measurements: .544, .542, .544, .542 inches. Grandt measurements: .539, .545,
.539, .539 inches.
The trucks roll well with the Grandt wheels which ae .539. The set with the
.545 length axle sticks.
The trucks all stick with the NWSL wheels.
>From this very limited set of measurements and observation, it would appear
that the NWSL wheel sets are too long in the axle to work right out of the
"box" with the Grandt frames.
-Ken

{Ed.:  In late 2000 NWSL introduced a new wheelset for the Grandt truck. They
conceded that many of the wheelsets sold prior to them were too long. If you
them bought post 2000 make sure you are getting the late 2000 to present
production runs.  If you have older sets follow the procedures found here to
modify them.}

From: "Jeff Bissonnette"
Subject: Grandt vs MT trucks
Date: Mon, 8 Nov 1999 

  After all the talk about the MT vs Grandt Line trucks, I finally went out
and purchased a pair of the MT archbar trucks to check them out.  Well, they
roll superbly, but there is something even better.  I tried them with the NWSL
metal replacement wheelsets made for them, and they roll even better than with
the original delrin wheelsets!  With both trucks on the same inclined piece of
track, the MT/NWSL trucks would either pull away from the straight MT trucks,
or push it along (depending upon if the MT/NWSL truck was leading or
following).  Probably just simple physics at work!    Anyway, the way I saw it
the MT/NWSL combination was the best rolling of the three, next was the
straight MT truck, and BELIEVE IT OR NOT, the Grandt Line truck with the
PLW/NWSL metal wheelsets, was a VERY CLOSE third place.  For non-believers, I
again stress that you need to de-burr the axle end with a file and emery
paper, and de-flash the bearing surface/journal on the truck frame.
 Another thing I've recently discovered that helps the PLW/NWSL/Grandt truck
even more...  Use a stainless steel wire brush in a Dremel tool to
burnish/polish the ends and running surface of the brass axle to a nice shiny
lustre.  This eliminates small unseen burrs, and makes the surface a little
slicker.
 The big plus of the MT/NWSL combo...  You have the nice clickety-clack over
the rail joints AND even better rolling qualities!  Although at more
expense...
JeffB

From: Mark Rollins 

I just discovered an easy way to re-gauge the Grandt 5110/5111 (I think) brown
and black HOn3 trucks. These are the envy of HOn30ers, as these trucks have
metal wheels that actually roll, and brake shoe detail.

{Ed.: These trucks are fine for HOn30 modelers not following a Maine
two-footer prototype.  They are a bit large for the two-footers.}

You can try to trim the stock plastic axles by hand, or do what I did and
order sets of HOn30 replacement wheels from NWSL. There's a better/cheaper
way.
What I did was to remove the wheel/axle sets from the trucks, and chuck one
wheel (hand tight) into a Makita electric screwdriver. I then held the axle
(in the space between the wheels, I hope this explanation is clear) with a
pair of pliers, close to the wheel. This limited the distance the wheel would
slide on the axle, and any axle warpage.
I then pulled the trigger on the drill, causing it to turn the wheel faster
and faster - until the plastic axle began to soften. Steady pressure forced
the axle into the wheel more, reducing the gauge. I did the other side, taking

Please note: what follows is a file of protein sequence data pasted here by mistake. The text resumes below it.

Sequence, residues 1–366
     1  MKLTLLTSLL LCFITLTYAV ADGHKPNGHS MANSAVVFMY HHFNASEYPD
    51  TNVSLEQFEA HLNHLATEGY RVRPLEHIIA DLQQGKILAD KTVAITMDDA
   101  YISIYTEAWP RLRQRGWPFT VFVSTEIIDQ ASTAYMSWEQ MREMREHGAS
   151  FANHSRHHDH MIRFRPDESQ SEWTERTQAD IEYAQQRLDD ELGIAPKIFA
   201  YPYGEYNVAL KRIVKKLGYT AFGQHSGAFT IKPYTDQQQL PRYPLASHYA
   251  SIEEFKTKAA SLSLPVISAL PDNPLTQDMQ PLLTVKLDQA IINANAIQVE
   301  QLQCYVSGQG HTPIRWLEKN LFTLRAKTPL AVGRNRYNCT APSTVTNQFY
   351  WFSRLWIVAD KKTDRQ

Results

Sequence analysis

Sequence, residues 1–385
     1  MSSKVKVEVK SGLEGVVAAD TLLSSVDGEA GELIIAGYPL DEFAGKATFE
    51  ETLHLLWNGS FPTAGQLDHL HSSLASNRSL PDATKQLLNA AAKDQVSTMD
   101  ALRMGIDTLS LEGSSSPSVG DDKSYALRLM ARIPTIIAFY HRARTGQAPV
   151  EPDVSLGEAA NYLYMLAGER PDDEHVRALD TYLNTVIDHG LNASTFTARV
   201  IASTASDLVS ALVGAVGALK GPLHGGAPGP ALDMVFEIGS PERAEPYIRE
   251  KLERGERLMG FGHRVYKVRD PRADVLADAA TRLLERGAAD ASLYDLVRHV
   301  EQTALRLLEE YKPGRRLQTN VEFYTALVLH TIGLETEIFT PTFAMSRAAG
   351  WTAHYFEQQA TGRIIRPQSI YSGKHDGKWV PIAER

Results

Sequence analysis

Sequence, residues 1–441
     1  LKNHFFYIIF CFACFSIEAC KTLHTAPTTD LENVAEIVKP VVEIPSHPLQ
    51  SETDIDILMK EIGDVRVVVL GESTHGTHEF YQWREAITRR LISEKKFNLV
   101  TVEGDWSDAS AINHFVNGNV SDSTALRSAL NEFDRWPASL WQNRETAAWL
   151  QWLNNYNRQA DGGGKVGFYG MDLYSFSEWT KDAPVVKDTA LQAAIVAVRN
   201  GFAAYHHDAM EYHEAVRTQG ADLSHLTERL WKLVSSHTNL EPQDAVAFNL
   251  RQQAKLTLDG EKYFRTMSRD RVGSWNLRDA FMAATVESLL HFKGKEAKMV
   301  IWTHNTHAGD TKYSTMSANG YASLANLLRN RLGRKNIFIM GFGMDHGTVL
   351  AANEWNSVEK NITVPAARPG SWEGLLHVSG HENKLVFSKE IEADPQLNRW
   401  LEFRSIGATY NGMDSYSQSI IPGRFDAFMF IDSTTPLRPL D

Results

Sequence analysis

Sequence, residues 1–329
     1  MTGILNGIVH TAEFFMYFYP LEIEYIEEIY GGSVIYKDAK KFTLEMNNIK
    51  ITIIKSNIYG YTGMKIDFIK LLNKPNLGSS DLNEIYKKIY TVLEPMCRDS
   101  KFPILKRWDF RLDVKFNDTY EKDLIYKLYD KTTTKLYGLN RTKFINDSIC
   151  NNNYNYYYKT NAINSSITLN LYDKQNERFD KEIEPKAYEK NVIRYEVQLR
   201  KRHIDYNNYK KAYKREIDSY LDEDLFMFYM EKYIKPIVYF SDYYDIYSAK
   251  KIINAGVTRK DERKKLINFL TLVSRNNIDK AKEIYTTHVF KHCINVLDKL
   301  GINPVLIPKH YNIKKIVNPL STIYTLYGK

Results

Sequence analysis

care to initially push the wheels in a bit more than necessary, as I can
always slide the wheels out.
Time to do 2 axles (4 wheels), less than 5 minutes.

Most of what is below is a recap of hints from above but it is stated more concisely so the redundancy was thought to be warranted.

In late 2000:
James Pasquill wrote:

Get some Grandt trucks and NWSL wheelsets ... Test fit the wheels in the
frames. Check for flash on the journal boxes and if present carefully slice
off so the flash does not hit the wheels.  If the wheels don't
turn smoothly take out the wheels, slightly file the axle ends and then
burnish with emery cloth. Then bend the frames out slightly too if they look
like they are flexing in too far.  Test again, file a bit more if needed,
burnish, test, etc. 

Don't file too much off or you can end up with short axles which can't be
used. Repeat as needed until your trucks roll smoothly. Finally take a pencil
that is not too sharp but not large enough to distort the journal box, stick
it in some graphite powder and stick the pencil in the journal box twisting
around to burnish the inside of the box. Your wheel should now spin long and
free. 

Finally check the gauge with an NMRA standards gauge and adjust as needed.

Jeff Bissonette replied:

I have a better method than this and it produces better results faster... I
use a fine cut needle file to remove the parting "nubin" at the ends of the
axles. Once done one wheelset, check it in a truck frame, it needs to have
a small amount of side to side play, if not, use the file to remove about
.005" from one end of the axles. Once done, use a stainless steel wire
brush in a Dremel tool to buff the axle ends and remove any burrs. Using
this method will polish the brass axles and make them turn smoothly in the
journals, and at the same time removes any micro burrs, and eliminates any
chance of accidentally filing or sanding a flat spot on the running surface
of your axle ends. Pop them in and your Grandt Line trucks should roll
NEARLY as well as the MT truck with stock Delrin wheelsets.

NWSL has recently re-tooled their axles for the Grandt Line HOn30 truck. I
have about 100 axles worth on hand (gauged for HOn2 but the same axle) and
they roll extremely well with NO work to the axle or wheelset, just remove
the flash around the journals on the truck frame.